Early on, the group visited the Indian Pueblo Cultural Center in Albuquerque, which is dedicated to the preservation and perpetuation of Pueblo Indian culture, history and art. They listened to a panel discussion with Native American leaders and heard a presentation on the Doctrine of Discovery, which gave Christian European governments the religious and legal justification to claim lands occupied by Indigenous peoples “and to convert, enslave, or kill the inhabitants,” according to Presbyterian Peacemaking Program.

“We wanted to deepen people’s understanding of the Doctrine of Discovery — its impact on Indigenous peoples through history and right up to the present day, and we did just that through preparatory reading, listening to presentations by Native American leaders, visiting sacred sites and Indian museums, and worshiping and breaking bread with Native American PC(USA) congregations,” Powers said.

The seminar also was designed to give participants a chance to “appreciate the rich history, cultures, and resilience of Indigenous peoples in the Southwest” and to “explore peacemaking issues, such as land and water rights, intergenerational trauma, poverty and addiction, border town conflicts, environmental racism, the health effects of uranium mining, and the impact of boarding schools,” according to the Presbyterian Peacemaking Program.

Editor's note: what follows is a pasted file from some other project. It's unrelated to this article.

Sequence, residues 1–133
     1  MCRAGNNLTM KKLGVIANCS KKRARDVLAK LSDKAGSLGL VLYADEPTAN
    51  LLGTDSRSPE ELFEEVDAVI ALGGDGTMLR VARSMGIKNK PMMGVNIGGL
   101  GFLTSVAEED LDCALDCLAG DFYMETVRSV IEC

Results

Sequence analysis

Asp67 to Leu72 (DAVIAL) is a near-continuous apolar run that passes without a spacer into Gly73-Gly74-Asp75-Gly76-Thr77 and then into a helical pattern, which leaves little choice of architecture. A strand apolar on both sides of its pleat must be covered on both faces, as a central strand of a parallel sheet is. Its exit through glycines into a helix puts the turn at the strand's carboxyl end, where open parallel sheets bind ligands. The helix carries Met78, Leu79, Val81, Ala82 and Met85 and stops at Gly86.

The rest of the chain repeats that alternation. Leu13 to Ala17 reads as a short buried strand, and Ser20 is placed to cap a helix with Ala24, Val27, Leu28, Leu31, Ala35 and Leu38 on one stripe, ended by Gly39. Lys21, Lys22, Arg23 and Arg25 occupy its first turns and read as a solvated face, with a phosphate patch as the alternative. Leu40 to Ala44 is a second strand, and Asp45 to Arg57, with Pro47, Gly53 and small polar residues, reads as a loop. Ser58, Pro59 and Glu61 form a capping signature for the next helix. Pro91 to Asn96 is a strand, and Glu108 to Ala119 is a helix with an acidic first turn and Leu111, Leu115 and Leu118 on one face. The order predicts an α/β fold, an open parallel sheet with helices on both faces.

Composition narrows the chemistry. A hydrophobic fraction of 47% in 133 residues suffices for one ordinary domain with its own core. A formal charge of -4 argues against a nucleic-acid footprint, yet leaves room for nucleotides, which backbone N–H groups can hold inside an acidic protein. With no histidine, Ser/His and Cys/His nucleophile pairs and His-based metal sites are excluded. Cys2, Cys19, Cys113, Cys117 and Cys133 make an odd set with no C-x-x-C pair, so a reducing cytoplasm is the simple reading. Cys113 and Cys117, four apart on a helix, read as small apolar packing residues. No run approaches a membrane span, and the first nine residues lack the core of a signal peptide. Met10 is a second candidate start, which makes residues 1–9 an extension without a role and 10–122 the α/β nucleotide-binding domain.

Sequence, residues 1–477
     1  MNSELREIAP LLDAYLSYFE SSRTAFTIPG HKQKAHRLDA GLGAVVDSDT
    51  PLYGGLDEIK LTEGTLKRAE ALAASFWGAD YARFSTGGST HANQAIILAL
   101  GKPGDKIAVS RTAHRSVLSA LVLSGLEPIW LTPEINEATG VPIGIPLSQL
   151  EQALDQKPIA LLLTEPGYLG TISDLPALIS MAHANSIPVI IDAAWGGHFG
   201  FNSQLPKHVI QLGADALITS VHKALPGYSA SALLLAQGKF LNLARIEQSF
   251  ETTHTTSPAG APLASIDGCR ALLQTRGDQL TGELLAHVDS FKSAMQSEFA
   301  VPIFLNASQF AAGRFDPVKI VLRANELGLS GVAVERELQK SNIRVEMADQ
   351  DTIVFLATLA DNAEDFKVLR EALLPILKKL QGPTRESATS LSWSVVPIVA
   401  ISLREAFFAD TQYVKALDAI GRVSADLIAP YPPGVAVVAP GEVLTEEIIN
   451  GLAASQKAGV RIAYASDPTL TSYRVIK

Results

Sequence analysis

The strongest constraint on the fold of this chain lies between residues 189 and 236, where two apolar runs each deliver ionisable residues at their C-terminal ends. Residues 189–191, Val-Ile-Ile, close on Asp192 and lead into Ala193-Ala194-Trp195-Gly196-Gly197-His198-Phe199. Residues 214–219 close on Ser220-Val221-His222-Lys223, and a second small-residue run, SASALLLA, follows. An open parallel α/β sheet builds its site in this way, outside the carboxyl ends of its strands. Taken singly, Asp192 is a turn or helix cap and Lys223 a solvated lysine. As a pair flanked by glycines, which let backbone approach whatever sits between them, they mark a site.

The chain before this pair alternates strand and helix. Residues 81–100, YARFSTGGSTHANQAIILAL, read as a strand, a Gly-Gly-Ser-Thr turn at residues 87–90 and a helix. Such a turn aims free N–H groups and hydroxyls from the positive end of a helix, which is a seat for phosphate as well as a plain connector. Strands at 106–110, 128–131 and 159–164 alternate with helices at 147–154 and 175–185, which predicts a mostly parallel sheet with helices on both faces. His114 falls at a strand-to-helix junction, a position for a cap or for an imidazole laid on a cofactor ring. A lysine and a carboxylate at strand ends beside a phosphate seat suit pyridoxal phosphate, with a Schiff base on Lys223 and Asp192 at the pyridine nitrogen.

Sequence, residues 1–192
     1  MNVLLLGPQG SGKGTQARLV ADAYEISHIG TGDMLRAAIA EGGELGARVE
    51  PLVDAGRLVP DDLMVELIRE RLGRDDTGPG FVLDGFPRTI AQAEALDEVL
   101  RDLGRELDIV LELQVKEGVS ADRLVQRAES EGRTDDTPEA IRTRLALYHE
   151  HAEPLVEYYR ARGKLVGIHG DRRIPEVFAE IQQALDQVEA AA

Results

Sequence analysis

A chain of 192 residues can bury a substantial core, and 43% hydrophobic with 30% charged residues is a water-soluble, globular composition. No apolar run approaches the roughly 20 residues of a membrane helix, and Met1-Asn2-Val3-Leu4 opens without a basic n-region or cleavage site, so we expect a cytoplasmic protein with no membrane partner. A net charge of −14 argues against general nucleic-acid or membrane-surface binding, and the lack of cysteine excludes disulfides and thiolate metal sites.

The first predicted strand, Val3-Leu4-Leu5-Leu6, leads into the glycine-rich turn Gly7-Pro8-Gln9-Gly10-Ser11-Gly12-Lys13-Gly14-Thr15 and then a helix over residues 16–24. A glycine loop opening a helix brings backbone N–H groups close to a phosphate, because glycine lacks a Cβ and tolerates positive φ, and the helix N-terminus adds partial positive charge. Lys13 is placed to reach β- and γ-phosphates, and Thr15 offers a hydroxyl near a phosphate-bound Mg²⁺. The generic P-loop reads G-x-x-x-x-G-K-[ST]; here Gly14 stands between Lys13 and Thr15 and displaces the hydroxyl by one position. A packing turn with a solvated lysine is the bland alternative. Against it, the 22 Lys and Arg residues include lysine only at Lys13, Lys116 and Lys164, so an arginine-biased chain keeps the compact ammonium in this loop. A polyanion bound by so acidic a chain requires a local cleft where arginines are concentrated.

Kelsey Martin, a Princeton Theological Seminary Master of Divinity student, wanted to participate because “as someone pursuing ordination in the PC(USA), I wanted to learn more about the Indigenous communities there and how they interact with the Presbyterian Church.”

Highlights for Martin included visiting the Jackpile-Paguate Uranium Mining Site, where a company operated a uranium mine from 1952 through February 1982. Mining operations tainted surface water with hazardous chemicals, necessitating cleanup, according to the Environmental Protection Agency.